Our latest report, the Industrial U.S. Seaport Outlook, presents an engaging, visual representation of the key facts about the major seaports and perspective on the trends impacting these ports and the surrounding industrial real estate markets. Learn more about one of these seaports: the Port of New York and New Jersey.

“The Port of New York and New Jersey is where containerization first began with the sailing of the Ideal X from New Jersey to Houston in 1956. In Northern New Jersey, port-related users and e-commerce companies looking for same-day delivery to the New York City area have helped keep vacancy rates at historical lows, particularly in submarkets near the Port of New York and New Jersey. As New Jersey continues to set new port volume records, demand for new construction has surged, evidenced by the 12.9 million square feet of industrial product under construction — up from 4 million square feet during this time last year. The Port of New York and New Jersey continues to invest in its operations in order to handle larger container ships and to improve operations. New Jersey’s industrial market has responded well, recording historically high leasing activity, rental growth and construction starts along with increased investor demand.”Michael Markey, Executive Managing Director | Woodbridge


The Port of New York and New Jersey has a harbor depth of 50 feet, deep enough to handle vessels capable of holding up to 13,000 TEUs. The port contains six container terminals and 61 cranes— with 47 cranes able to handle Post-Panamax vessels (6,000 TEUs).

The Port of New York and New Jersey operates extensive environmental programs, ranging from proposed strategies to reduce air emissions from shipping to an Environmental Management System to reduce the impact of facilities operations.


A majority of the total containerized volume coming through the Port of New York and New Jersey is from imports. At the end of 2016, 70.2% of loaded containers handled at the port were from imports. Top trading partner countries in 2016 were: China/Hong Kong, India, Germany, Italy and the Netherlands. Pharmaceuticals, gasoline and motor vehicles are the top imported items, while motor vehicle parts, motor vehicles and skin care products are the top exports.


The Port of New York and New Jersey’s Express Rail System handles more than a third of the cargo that feeds the Eastern Seaboard, with coverage to every major city in the Midwest, Northeast and Eastern Canada. Class I railroad partners such as CSX IntermodalNorfolk Southern and Canadian-Pacific Railway service the port. The port’s three on-dock rail terminals (with a fourth under construction at Port Jersey) handle same-day transfers between ship and rail. The port is also investing $1.5 billion through 2024 to enhance port access by rail, which will include improvements such as an expanded roadway capacity and greatly modernized intermodal rail service.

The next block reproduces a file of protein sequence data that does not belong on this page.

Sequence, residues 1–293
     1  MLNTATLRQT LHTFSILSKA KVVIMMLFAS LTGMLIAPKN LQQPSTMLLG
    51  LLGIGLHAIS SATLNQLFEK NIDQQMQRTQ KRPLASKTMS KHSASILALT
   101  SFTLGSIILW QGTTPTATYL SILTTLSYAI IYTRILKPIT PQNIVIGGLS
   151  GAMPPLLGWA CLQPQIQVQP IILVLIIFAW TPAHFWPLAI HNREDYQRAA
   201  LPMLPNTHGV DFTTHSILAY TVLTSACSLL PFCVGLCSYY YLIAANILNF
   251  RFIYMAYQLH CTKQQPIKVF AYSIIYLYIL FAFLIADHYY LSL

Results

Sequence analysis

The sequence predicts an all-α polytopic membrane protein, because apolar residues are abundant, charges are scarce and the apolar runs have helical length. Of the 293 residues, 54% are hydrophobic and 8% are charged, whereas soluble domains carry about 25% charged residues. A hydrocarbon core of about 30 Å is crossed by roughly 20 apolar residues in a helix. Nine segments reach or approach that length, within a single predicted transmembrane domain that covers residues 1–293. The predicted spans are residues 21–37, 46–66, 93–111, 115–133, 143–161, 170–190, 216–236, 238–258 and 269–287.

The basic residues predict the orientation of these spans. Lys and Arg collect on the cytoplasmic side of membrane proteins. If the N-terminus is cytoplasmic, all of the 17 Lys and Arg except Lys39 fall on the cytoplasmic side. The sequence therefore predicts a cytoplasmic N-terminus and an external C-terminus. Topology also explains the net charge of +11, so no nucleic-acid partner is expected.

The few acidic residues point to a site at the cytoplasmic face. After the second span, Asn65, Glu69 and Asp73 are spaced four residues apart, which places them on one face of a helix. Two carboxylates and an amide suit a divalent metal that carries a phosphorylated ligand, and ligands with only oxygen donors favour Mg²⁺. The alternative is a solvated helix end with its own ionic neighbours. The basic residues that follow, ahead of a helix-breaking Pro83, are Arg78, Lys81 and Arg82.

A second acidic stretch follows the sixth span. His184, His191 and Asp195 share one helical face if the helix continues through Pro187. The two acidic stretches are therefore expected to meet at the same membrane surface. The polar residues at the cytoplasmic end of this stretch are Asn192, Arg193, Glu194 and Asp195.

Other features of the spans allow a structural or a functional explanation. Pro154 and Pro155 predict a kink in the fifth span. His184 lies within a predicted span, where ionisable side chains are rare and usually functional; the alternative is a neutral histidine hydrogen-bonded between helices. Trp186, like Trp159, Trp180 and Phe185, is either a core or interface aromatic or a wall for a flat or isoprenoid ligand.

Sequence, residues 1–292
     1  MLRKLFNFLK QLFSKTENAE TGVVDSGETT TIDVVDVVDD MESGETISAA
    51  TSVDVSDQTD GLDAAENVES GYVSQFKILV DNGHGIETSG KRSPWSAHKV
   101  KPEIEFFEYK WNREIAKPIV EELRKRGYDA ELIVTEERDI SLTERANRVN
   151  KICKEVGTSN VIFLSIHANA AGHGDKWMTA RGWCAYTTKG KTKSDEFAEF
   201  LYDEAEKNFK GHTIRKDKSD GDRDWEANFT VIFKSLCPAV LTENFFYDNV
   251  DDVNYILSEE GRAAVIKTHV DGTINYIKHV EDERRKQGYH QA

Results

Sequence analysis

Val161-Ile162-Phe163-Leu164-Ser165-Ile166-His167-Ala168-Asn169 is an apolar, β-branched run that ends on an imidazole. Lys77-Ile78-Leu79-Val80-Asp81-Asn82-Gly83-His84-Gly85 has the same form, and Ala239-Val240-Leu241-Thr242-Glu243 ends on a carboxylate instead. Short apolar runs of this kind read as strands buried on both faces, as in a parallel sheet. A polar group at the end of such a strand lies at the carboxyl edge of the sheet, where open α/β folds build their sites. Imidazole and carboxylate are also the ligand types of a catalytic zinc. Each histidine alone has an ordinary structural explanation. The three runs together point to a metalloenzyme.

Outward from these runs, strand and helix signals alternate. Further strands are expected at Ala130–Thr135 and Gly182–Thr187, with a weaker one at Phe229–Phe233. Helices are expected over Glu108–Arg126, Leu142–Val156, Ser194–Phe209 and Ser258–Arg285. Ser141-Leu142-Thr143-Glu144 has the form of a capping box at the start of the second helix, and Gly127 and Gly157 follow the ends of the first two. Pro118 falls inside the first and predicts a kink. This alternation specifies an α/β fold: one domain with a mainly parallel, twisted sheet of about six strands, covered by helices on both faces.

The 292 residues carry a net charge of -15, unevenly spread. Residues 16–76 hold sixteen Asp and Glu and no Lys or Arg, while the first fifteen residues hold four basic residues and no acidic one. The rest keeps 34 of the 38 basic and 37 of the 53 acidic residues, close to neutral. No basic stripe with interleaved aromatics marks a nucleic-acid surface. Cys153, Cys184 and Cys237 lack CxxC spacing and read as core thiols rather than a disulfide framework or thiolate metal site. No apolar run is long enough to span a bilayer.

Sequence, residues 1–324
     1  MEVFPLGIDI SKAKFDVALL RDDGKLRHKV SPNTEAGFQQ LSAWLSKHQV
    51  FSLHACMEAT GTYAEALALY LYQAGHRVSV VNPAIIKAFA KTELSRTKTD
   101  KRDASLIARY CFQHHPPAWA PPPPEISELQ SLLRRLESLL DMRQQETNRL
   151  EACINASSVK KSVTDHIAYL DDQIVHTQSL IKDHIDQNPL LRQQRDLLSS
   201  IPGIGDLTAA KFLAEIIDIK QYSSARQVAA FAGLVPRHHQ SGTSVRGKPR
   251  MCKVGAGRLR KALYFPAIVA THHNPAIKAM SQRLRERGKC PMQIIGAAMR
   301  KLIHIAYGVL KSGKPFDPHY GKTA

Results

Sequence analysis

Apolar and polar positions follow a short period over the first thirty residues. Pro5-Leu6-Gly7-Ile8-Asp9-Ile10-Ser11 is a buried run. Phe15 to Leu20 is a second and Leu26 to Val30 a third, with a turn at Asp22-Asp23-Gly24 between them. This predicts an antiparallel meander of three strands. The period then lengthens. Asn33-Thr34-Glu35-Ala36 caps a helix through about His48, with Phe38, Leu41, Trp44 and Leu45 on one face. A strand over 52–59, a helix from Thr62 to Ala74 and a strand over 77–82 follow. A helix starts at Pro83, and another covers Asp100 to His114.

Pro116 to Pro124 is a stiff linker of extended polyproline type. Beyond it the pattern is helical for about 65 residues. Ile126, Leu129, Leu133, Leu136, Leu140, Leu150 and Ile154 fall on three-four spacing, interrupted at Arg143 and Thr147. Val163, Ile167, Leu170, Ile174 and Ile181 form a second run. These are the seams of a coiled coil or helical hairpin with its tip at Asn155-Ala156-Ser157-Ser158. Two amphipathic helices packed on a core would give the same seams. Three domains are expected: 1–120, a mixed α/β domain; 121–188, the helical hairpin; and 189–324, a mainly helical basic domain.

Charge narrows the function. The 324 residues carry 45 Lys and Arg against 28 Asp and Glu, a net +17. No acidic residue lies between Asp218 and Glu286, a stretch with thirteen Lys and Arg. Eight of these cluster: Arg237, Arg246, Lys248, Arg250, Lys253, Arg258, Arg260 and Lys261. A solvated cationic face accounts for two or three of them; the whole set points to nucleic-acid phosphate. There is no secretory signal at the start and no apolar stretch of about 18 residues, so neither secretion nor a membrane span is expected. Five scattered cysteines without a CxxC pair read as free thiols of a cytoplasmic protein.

Because of the large surrounding population, the Port of New York and New Jersey is a major demand driver for many industrial markets across the Northeast and Mid-Atlantic U.S. However, the markets that receive the most direct benefits are Northern New Jersey and Central New Jersey. 2016 set the high watermark in leasing and net absorption in these markets and while these numbers will be difficult to surpass, the markets continue to fire on all cylinders.

Every major statistical category in Northern and Central New Jersey has been moving in the right direction in early 2017. The vacancy rate continues to decline, despite more than 4 million square feet of new construction in the past nine months. Much of the new product being delivered is leased prior to completion or shortly thereafter. The industrial market has also seen explosive asking rent growth. In fact, the average asking rent is up 36.4% from its low point in Q3 2011 and is up 13% from its pre-recession peak in Q4 2007.

To learn more, explore the Industrial U.S. Seaport Outlook.

Also: Get a sneak peek of the insights into Port of Long Beach | Port of Los Angeles | Port of Oakland